Improve Arterial Elasticity By Adding This Food to Your Diet

Improve Arterial Elasticity By Adding This Food to Your Diet

Improve Arterial Elasticity By Adding This Food to Your Diet

If you want to make your arteries healthier, adding walnuts to your diet has been found to help.

Researchers with Yale University's Prevention Research Center asked two dozen men and women with type 2 diabetes to supplement their usual daily diets with 2 ouncesof walnuts — about 30 shelled walnut halves — for eight weeks, then switch to a walnut-free diet (or vice versa). A test of blood flow through an artery in the forearm before and after each eight-week trial showed that walnuts improved the flexibility of the artery.

Studies have shown walnuts boost endothelial function.

A study in Barcelona conducted by Emilio Ros, MD, PhD, director of the Lipid Clinic at Hospital Clínico in Barcelona, Spain, took 24 randomized nonsmoking, middle-aged, healthy adults to one of two groups of 12. Each group was provided with two high-fat meals, eaten under supervision one week apart. The meals were identical, consisting of a salami-and-cheese sandwich on white bread and a small serving of full-fat yogurt. For one meal, the researchers added about five teaspoons (25 mL) of olive oil. For the other meal, they added 40 g of walnuts, or about eight shelled nuts.

Although both the olive oil and the walnuts lessened the sudden onset of inflammation and oxidation in the arteries it was discovered that walnuts helped preserve the elasticity and flexibility of the arteries.

It is also important to state that the inner lining of the arteries produces a substance called nitric oxide that is needed to keep the arteries flexible,” Dr. Ros said. “When we eat high-fat meals, the fat molecules temporarily disrupt the production of nitric oxide, preventing the arteries from increasing blood flow in response to physical activity.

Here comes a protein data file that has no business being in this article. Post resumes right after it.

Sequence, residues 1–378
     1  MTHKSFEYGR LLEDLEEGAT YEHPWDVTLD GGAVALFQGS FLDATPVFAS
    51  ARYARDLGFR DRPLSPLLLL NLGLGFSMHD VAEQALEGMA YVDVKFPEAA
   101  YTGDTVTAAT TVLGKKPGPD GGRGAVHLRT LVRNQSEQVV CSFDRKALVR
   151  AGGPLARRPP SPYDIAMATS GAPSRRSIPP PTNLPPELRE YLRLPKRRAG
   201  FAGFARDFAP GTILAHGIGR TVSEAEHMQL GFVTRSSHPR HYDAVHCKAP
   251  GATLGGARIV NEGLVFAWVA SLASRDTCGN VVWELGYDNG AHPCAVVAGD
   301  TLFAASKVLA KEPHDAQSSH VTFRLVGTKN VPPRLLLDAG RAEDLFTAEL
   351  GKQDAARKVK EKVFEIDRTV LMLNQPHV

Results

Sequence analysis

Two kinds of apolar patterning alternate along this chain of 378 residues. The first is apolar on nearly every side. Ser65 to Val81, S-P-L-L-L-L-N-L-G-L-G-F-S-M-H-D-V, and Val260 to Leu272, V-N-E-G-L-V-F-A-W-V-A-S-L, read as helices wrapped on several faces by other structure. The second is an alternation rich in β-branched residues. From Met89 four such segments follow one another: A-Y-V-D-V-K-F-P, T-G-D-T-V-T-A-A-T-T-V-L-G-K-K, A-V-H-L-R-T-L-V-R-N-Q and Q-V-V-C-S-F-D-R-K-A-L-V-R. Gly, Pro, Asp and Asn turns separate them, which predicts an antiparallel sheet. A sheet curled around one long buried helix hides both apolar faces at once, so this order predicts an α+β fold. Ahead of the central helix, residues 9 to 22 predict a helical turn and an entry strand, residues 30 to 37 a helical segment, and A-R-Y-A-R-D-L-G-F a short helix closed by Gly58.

One of the nutrients found in walnuts, he said, is arginine, an amino acid used by the body to produce nitric oxide.

How many ounces of walnuts should I eat a day?

According to Harvard Heart approximately one ounce of nuts daily can reduce your risk of heart disease. An ounce of walnuts is about a handful, or one-quarter cup. That amounts to between 12 and 14 halves, or 30 grams of walnuts.

How to improve the nutrient benefits of walnuts

Walnuts should be soaked overnight (approximately 8-10 hours) because doing so makes them easier for the body to digest than eating them raw. The phytic acid found in nuts, which is reduced by soaking walnuts, contributes to increased absorption as well. The omega-3 fatty acids, known for their heart-healthy properties, are more readily absorbed when walnuts are soaked, boosting cardiovascular benefits.

Dr. Grisanti's Comments:

Arterial elasticity and flexibility are markers of optimal cardiovascular health. Although there are other factors that will help in improving arterial elasticity such as eating heart-healthy plant, based diet, eating wild fish (salmon), exercising for at least 30 to 60 minutes a day (150 minutes a week) and stopping smoking, something as simple as adding walnuts should be part of a total cardiovascular plan.


** Always consult with a physician or healthcare practitioner with significant integrative or functional medicine training before starting any of the above recommendations.

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The information on this website is not intended to replace a one-on-one relationship with a qualified health care professional and is not intended as medical advice. It is intended as a sharing of knowledge and information from the research and experience of Dr. Grisanti and his functional medicine community. Dr. Grisanti encourages you to make your own health care decisions based upon your research and in partnership with a qualified health care professional. Visit for more information on our training in functional medicine. Look for practitioners who have successfully completed the Functional Medicine University's Certification Program (CFMP) 

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